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Four-Hands Piano Concerts Come to St Paul’s Church


By Mittie Roger

Get ready for two of the most unique concerts of the 2018–2019 concert season! Four-hands piano concerts featuring acclaimed artist Julie Coucheron, called “exquisite” by the Washington Post, and San Miguel de Allende favorite William Ransom, described as a “technical dazzler, and more” by the Detroit Free Press, will inspire listeners through this unusual and challenging form.

Four-hand piano music has a longstanding tradition of bringing orchestral music to people who might not otherwise hear it for financial or geographic reasons, and as large-scale concertgoing becomes ever more expensive and remote for most, this art form has enjoyed a recent resurgence. Though many four-hand piano works are transcribed, the form also includes original works, and at these two recitals, we’ll hear the finest examples of both.

On Friday, the audience will enjoy Beethoven’s Sonata in D Major, a product of his late 20s and a testament to the composer’s striving with an almighty passion to make his music accessible, while at the same time breaking the mold of traditional compositional forms. Barber’s Souvenirs, written in 1951, harkens back to the golden days of his childhood and his nostalgia for the beautiful moments he experienced on an outing with his mother to the idyllic countryside. Brahms’ Five Hungarian Dances was inspired by two of his close friends, Eduard Remény and Joseph Joachim, both violinists. The highlight of the program will be a dramatic piano transcription of Beethoven’s incomparable Symphony No 5.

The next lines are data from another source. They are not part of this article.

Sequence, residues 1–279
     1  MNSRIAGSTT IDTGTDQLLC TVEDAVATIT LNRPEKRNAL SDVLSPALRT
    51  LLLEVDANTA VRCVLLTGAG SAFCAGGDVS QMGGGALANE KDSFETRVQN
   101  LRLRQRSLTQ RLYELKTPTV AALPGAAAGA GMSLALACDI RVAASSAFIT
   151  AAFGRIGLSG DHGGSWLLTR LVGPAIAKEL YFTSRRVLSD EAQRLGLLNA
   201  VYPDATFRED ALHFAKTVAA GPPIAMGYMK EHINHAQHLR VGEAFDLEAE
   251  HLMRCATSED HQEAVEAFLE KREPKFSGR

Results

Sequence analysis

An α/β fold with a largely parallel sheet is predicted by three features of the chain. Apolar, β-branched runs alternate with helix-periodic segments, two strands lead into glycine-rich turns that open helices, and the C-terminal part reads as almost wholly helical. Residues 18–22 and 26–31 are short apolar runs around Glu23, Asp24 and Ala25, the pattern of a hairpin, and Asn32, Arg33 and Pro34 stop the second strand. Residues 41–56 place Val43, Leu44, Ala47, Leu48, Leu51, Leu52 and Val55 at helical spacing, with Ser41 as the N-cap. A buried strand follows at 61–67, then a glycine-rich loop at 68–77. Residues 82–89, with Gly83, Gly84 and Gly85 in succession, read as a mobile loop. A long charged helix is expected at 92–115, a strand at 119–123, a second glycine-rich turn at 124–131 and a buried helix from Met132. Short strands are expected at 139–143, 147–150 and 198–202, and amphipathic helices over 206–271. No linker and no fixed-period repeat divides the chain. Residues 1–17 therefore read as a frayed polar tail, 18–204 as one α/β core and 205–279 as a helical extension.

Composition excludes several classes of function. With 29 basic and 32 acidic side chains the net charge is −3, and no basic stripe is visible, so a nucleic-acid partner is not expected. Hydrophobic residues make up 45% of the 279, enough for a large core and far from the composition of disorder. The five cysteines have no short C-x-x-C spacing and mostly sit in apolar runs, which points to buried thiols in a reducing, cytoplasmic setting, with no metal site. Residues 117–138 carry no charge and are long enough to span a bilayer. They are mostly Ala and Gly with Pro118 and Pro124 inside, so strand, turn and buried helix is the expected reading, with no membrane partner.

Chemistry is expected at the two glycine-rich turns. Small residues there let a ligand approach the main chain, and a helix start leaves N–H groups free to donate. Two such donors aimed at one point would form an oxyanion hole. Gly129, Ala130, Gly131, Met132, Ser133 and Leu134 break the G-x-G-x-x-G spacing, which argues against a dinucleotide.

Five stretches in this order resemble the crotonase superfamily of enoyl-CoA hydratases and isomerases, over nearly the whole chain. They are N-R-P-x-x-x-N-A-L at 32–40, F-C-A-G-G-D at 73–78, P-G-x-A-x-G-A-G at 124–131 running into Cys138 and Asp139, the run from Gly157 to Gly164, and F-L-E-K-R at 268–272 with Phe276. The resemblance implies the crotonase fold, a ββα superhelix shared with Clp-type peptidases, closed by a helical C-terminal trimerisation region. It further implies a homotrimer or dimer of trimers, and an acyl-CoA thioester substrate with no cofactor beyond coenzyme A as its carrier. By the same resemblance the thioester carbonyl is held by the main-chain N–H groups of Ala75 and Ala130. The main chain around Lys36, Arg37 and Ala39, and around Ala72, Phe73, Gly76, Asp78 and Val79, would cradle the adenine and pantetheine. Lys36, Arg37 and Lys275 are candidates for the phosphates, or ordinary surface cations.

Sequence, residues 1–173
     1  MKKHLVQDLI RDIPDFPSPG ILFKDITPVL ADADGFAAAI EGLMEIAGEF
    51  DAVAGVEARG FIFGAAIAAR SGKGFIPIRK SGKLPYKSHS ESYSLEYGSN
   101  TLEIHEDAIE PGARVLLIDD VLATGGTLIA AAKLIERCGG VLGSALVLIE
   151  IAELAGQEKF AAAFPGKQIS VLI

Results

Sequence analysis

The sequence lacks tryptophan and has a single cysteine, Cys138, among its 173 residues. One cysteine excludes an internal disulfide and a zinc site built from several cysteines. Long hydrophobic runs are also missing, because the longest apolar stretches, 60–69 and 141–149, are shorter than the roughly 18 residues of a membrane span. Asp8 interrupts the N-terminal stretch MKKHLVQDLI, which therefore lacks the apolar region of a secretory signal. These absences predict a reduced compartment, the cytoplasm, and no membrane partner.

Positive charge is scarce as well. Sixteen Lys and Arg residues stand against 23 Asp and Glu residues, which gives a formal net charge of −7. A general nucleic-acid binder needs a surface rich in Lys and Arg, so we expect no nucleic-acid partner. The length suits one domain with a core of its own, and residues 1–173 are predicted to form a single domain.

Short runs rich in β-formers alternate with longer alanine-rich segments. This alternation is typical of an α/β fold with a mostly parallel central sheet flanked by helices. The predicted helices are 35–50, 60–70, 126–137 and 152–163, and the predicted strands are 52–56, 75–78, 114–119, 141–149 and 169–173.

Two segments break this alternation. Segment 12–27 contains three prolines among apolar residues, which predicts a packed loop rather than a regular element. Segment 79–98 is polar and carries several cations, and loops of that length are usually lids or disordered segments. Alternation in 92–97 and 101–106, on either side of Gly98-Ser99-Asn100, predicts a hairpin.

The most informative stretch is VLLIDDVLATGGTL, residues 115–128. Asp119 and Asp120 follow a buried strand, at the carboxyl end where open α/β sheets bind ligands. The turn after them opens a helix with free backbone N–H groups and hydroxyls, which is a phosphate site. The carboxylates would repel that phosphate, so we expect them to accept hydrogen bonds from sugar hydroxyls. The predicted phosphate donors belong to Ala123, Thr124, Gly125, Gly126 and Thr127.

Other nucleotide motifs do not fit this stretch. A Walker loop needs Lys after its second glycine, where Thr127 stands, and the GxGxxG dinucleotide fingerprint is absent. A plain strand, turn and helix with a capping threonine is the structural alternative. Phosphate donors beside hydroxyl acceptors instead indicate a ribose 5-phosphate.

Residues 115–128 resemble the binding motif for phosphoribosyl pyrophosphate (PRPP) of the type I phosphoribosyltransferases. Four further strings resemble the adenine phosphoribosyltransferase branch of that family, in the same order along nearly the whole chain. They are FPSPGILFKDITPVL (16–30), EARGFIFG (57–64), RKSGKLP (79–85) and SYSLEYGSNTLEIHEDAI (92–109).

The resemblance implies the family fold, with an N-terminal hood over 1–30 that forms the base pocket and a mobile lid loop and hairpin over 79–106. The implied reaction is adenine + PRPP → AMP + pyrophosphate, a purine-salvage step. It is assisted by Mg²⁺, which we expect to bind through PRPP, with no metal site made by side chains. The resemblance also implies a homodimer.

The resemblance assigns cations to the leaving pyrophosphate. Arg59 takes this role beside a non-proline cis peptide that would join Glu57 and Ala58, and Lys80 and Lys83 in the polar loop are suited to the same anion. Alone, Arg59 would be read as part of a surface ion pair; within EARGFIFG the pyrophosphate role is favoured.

On Sunday, listeners will delight in Mozart’s Sonata in F Major, a true masterpiece of delicacy and nuanced phrasing. The composer often wrote four-hand piano music with his brilliant sister Nannerl, but he stopped after she died and only returned to the form later in life, leaving us this elegant gem. The strangely unique P.D.Q. Bach’s Sonata Innamorata is meant to seduce and comes from a foray into satirical humor. Transcribed by Peter Schickele, a Julliard graduate, the piece has very curious and playful ideas about instrumentation that will delight and amuse you. Debussy’s Petite Suite conjures up nostalgia for the “good old days” of France’s golden past, but with the added twist of the composer’s “free-form” compositional style.

The concert’s set piece will be Saint-Saëns’s joyful Carnival of the Animals, a circus-like romp through a menagerie of musical animals which always delights audiences from 5 to 105 years old!
Tickets are 150, 300, and 400 pesos each, on sale at Tesoros in the Biblioteca Pública, through our website with no booking fee, and at the concert 45 minutes before performance time.

Details of all Pro Musica’s concerts and Patron Membership are on our website,, or contact us at



Pro Musica Concert Series presents

Julie Coucheron and William Ransom

Fri, Dec7, 5pm

Sun, Dec 9, 4pm

St Paul’s Church

Cardo 6

150, 300, 400 pesos


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